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Cardiac Ablation

WHAT YOU NEED TO KNOW:

What do I need to know about cardiac ablation?

A cardiac ablation is a procedure to treat an arrhythmia, or abnormal heart rhythm. Your heart rhythm is controlled by electrical pathways in your heart. During cardiac ablation, energy is sent to the area of your heart that has an electrical problem. The energy causes a tiny area of the heart muscle to scar. This stops the electrical problem and allows your heart to beat regularly.

How do I get ready for cardiac ablation?

  • Your healthcare provider will tell you how to prepare. He or she may tell you not to eat or drink anything after midnight on the day of the procedure. Arrange to have someone drive you home after the procedure.
  • Tell your healthcare provider about all medicines you currently take. He or she will tell you if you need to stop any medicine for the procedure, and when to stop. He or she will tell you which medicines to take or not take on the day of the procedure.
  • You may need to take blood thinner medicine to prevent blood clots. You may need blood tests to help healthcare providers learn how well your blood clots.
  • You may need blood or urine tests to check your liver and kidney function. You may also need a chest x-ray and EKG to check your heart function.
  • Transesophageal echocardiography (TEE) is an ultrasound that may be used to check for blood clots or heart problems.
  • If you are a woman, tell your healthcare providers if you are or think you might be pregnant. Radiation used during this procedure can harm your baby.
  • An IV will be placed in a vein. You may get medicines or liquid through the IV.
  • An anesthesiologist will talk to you before your surgery. Local anesthesia may be used to numb the area where the ablation catheter will go in. You may instead be given medicine in your IV to make you relaxed or to keep you asleep. Tell healthcare providers if you or anyone in your family has had a problem with anesthesia in the past.

What will happen during cardiac ablation?

  • One or more catheters will be put into a blood vessel in your groin or neck. X-rays will be taken to help your healthcare provider guide the catheter through your blood vessels to your heart. You may also have an electrophysiology study. This is a test used to map the electrical pathways in your heart that control your heart rhythm. It helps your provider find the exact spot where the ablation needs to be done.
  • After the catheter is placed, small amounts of energy will be sent to the tip of the catheter. This will form a small scar line to prevent extra heartbeats.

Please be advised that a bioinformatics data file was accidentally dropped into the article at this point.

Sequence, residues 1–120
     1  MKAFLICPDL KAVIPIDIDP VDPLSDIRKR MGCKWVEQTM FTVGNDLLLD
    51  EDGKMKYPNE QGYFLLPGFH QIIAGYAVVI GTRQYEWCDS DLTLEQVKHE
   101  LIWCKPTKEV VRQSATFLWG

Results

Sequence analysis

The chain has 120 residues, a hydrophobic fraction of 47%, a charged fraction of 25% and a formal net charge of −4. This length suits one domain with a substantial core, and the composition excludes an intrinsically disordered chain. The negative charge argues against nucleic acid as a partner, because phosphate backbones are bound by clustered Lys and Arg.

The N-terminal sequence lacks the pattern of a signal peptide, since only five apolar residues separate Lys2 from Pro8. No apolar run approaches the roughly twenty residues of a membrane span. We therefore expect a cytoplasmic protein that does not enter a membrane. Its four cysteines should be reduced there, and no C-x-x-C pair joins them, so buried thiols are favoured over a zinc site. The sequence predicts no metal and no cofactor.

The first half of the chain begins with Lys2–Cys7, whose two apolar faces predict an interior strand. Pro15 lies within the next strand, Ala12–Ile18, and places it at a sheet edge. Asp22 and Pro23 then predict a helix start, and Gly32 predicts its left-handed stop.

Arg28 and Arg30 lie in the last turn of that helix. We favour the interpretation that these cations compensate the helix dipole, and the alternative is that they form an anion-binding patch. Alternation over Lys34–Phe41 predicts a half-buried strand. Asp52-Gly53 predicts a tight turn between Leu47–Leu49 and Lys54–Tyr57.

• When the procedure is done, the catheters will be removed, but the sheaths (outer tubes) may be left in until the blood thinner has worn off.

What should I expect after cardiac ablation?

You will be taken to a room to rest until you are fully awake. Healthcare providers will monitor you closely for any problems. They will check the catheter insertion site regularly for bleeding. You will also have EKG monitoring done to check your heart rate and rhythm. Do not get out of bed until your healthcare provider says it is okay.

  • A spirometer is a small device used to help keep your lungs clear.
    How to use and Incentive Spirometer
  • Rest and keep your leg straight for up to 6 hours, or as directed. Your healthcare provider will then ask you to walk to prevent blood clots from forming.
  • Medicines:
    • Blood thinners help prevent blood clots.
    • Antiarrhythmics help slow your heartbeat and make it more regular.
    • Pain medicine may be given.
    • Steroids may be given to decrease inflammation.
    • Antiulcer medicine helps decrease the amount of acid that is normally made by the stomach. You may need to take this medicine to help the lining of your stomach heal or to prevent an ulcer.

What are the risks of cardiac ablation?

The catheter may cause bleeding around your heart, or damage your esophagus, stomach, or nerves. The veins that carry blood from your lungs to your heart could become narrowed. You may bleed more than expected or get an infection. You may develop a life-threatening blood clot. Even with treatment, your heart rhythm problem may come back, or you may need another procedure.

Care Agreement

You have the right to help plan your care. Learn about your health condition and how it may be treated. Discuss treatment options with your healthcare providers to decide what care you want to receive. You always have the right to refuse treatment. The above information is an educational aid only. It is not intended as medical advice for individual conditions or treatments. Talk to your doctor, nurse or pharmacist before following any medical regimen to see if it is safe and effective for you.

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Further information

Always consult your healthcare provider to ensure the information displayed on this page applies to your personal circumstances.